To give or not to give feedback? That is the question...
We were progressing along at a nice clip as our instructor seamlessly encompassed professional protocols, standards, and how to improve behaviors among agents; when all at once the mood within the classroom took an abrupt, and oh-so-cynical change… Yes, you guessed it! The topic turned to feedback; an invitation to mayhem ensued. Just the mention of this seemingly simple word incites an onslaught of contrary discourse.
Perhaps there does not need to be such acrimony concerning feedback. At first blush, the notion of feedback seems uncomplicated, even simple, but as with most topics with conflicting views, feedback and all that it entails is anything but simple. The query is how to negotiate this tricky terrain.
For some, especially listing agents, feedback is a commodity every bit as desirable as a latest hot stock—valuable inside information. Nearly all listing agents employ feedback to help convince sellers to paint, stage, reduce their price, etc. Feedback can also be the solidifying factor to confirm to sellers that their home is simply priced too high to be competitive within the current market (heavy emphasis on current). From a buyer’s agent perspective, the overriding dilemma surrounding feedback suggests that providing too much feedback does not promote and protect the buyer’s best interests.
Please permit me to interject a couple of conflicting perspectives—about two cents’ worth (adjusted for inflation, of course); and I will leave the notion open for “you” to decide…
A certain buyer’s agent, who is a well-adjusted, highly productive and exceedingly well-behaved REALTOR® (most of the time), transforms his quiet demeanor when discussing feedback. He believes for a buyer’s Agent to give help to the seller is in direct conflict with his responsibilities to the buyer (he cites loyalty and confidentially). When asked for feedback, he gives no detail; he tells sellers/agents that he will be in touch if his buyers are interested (how judiciously discrete!).
To be sure, feedback can be eminently practical (and profitable) in many situations; consider a an equally savvy buyer’s agent who believes providing detailed feedback (within the Law of Agency parameters, of course) undeniably helps her buyers purchase the home of their dreams, as the following illustration will show. A buyer was interested in a beautiful home complete with white-picket fence; my colleague lamented that the dream home was becoming a fading fairy tale for her buyers. Although they were qualified, price was a concern.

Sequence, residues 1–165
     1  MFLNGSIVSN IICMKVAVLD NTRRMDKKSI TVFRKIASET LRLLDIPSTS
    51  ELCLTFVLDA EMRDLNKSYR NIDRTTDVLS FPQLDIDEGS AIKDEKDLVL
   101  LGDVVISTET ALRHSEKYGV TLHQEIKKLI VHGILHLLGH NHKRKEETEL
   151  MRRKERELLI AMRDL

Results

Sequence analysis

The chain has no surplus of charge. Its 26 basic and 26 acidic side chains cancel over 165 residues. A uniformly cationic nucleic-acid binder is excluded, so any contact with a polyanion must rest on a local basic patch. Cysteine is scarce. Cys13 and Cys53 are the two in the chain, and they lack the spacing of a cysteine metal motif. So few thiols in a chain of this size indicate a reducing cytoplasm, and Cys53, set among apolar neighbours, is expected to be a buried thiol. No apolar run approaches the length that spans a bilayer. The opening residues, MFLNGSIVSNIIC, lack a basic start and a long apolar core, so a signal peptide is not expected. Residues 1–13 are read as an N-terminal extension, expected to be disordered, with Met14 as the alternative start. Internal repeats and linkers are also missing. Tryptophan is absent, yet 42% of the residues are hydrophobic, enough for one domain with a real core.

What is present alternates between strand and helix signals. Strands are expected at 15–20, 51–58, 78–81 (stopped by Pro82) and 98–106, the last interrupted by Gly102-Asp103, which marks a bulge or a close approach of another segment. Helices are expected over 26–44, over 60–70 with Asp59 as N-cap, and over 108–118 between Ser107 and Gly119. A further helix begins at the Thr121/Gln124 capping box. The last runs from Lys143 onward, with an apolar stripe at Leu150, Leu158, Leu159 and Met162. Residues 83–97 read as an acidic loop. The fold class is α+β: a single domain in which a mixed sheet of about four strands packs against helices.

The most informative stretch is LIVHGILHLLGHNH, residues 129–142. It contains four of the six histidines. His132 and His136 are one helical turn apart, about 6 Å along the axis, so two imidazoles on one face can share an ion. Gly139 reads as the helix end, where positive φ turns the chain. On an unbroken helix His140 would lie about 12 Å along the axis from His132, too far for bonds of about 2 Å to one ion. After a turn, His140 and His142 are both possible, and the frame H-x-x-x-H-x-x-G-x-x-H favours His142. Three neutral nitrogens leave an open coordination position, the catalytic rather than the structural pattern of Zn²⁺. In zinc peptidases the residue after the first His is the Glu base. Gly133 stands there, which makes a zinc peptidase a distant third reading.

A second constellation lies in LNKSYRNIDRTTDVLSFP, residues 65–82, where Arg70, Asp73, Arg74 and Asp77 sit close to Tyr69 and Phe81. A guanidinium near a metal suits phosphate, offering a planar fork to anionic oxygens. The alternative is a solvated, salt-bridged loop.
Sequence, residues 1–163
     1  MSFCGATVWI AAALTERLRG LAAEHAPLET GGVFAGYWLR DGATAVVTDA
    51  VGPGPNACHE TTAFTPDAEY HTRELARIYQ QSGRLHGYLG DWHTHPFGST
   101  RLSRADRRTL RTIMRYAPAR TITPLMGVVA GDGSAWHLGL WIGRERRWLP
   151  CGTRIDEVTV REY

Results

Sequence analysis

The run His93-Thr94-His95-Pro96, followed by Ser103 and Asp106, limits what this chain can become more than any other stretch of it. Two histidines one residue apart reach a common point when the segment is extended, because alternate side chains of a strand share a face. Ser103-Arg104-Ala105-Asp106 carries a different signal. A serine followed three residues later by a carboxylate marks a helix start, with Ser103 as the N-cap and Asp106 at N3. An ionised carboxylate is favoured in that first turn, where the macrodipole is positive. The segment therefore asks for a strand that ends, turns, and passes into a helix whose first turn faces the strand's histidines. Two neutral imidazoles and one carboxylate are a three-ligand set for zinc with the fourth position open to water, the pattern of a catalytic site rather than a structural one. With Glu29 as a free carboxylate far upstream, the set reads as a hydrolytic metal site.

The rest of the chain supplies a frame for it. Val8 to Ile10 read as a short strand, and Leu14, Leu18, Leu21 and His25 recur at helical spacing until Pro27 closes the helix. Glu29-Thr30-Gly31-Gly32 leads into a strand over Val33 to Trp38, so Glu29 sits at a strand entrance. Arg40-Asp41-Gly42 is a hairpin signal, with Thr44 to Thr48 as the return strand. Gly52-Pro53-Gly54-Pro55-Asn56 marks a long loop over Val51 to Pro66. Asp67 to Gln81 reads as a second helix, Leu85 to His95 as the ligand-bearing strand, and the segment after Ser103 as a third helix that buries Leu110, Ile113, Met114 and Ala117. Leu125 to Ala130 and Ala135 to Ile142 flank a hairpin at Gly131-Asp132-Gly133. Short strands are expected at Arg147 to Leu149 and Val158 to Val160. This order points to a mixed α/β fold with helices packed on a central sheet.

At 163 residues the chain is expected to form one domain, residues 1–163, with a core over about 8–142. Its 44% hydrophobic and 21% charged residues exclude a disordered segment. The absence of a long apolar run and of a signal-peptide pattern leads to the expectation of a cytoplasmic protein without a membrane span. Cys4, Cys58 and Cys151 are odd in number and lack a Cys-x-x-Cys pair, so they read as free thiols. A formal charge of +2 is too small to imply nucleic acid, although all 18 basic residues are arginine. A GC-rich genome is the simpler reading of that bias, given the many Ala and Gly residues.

My savvy colleague filled out a request for feedback from the listing agent representing the dream home, complimenting the home and the features her buyer liked but stating the home was a little higher than her buyer could comfortably afford. The listing agent relayed her sellers would entertain any and all offers; unexpectedly the offer was presented and accepted (Yeah!). My colleague fervently believes as a result of her detailed feedback her buyer was ultimately able to purchase the beautiful home.
We can all learn from models promoting goodwill; simply recast the golden rule and give feedback as you would like it given to you. A gentle reminder: when calling or leaving a voice mail to elicit feedback, please be prepared! This simple courtesy will help your plight immeasurably. When e-mailing, include either a link regarding the property, or leave thorough information regarding the property.
Perhaps we can consider all notable movements start small, the next time you are asked to provide feedback decide to make a concession to modernity (it’s easier than ever!) as we go forward… After all, in real estate, as in all of life, to give or not to give is indeed the question.
Denise A. Burke, REALTOR®
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Posted on Tue, August 3, 2010
by Denise Burke